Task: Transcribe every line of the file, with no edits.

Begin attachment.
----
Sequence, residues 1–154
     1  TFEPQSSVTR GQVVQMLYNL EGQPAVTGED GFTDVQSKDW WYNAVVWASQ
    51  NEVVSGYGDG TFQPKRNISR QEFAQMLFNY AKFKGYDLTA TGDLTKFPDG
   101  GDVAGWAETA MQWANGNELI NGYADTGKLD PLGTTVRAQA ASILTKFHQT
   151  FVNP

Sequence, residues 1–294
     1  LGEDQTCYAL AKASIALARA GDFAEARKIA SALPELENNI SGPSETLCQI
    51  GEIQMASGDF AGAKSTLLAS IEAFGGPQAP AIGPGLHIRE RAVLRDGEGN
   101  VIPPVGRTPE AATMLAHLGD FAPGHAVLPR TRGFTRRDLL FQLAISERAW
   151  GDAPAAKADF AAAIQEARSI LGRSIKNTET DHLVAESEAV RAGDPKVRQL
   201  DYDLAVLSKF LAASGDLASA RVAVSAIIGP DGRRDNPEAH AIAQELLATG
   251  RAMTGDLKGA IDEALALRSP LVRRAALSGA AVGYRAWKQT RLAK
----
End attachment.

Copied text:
Sequence, residues 1–154
     1  TFEPQSSVTR GQVVQMLYNL EGQPAVTGED GFTDVQSKDW WYNAVVWASQ
    51  NEVVSGYGDG TFQPKRNISR QEFAQMLFNY AKFKGYDLTA TGDLTKFPDG
   101  GDVAGWAETA MQWANGNELI NGYADTGKLD PLGTTVRAQA ASILTKFHQT
   151  FVNP

Sequence, residues 1–294
     1  LGEDQTCYAL AKASIALARA GDFAEARKIA SALPELENNI SGPSETLCQI
    51  GEIQMASGDF AGAKSTLLAS IEAFGGPQAP AIGPGLHIRE RAVLRDGEGN
   101  VIPPVGRTPE AATMLAHLGD FAPGHAVLPR TRGFTRRDLL FQLAISERAW
   151  GDAPAAKADF AAAIQEARSI LGRSIKNTET DHLVAESEAV RAGDPKVRQL
   201  DYDLAVLSKF LAASGDLASA RVAVSAIIGP DGRRDNPEAH AIAQELLATG
   251  RAMTGDLKGA IDEALALRSP LVRRAALSGA AVGYRAWKQT RLAK